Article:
Man, since the dawn of the species, has taken great consolation and joy in his religions. “Faith” and “belief” do not necessarily surrender to logic: they cannot even be declared to be illogical. They can be things quite apart. Religious tolerance does not mean one cannot express his own beliefs or must adopt the ideology of others. It does mean that seeking to undermine or attack the religious faith and beliefs of another has always been a short road to trouble.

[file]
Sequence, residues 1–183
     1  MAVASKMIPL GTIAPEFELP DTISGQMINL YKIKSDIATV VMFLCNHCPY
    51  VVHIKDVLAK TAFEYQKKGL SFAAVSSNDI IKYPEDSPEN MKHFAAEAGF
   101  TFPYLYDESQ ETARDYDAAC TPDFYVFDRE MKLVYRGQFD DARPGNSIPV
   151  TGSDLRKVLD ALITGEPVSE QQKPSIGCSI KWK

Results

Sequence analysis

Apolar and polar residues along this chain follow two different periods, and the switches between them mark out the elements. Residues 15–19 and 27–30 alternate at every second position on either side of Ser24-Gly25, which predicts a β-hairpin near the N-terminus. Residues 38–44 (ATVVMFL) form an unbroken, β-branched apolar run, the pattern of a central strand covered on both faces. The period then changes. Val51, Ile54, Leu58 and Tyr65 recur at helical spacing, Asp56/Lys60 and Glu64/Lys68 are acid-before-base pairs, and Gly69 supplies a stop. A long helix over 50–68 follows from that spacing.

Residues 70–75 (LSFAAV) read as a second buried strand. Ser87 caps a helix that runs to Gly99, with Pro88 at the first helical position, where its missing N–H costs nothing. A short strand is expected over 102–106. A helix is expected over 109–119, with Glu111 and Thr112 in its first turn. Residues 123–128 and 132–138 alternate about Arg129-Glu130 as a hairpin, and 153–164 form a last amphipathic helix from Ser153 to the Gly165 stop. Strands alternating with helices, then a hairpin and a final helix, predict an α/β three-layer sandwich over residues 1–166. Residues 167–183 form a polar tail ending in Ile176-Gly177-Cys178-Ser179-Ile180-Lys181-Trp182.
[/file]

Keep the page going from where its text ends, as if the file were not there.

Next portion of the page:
Tolerance is a good cornerstone on which to build human relationships. One is at liberty to hold up his own beliefs for acceptance. One is at risk when he seeks to assault the beliefs of others, much more so when he attacks and seeks to harm them because of their religious convictions. When one studies the suffering caused by religious and ideological intolerance throughout human history, it is easy to see that intolerance is a very coercive and non-productive activity.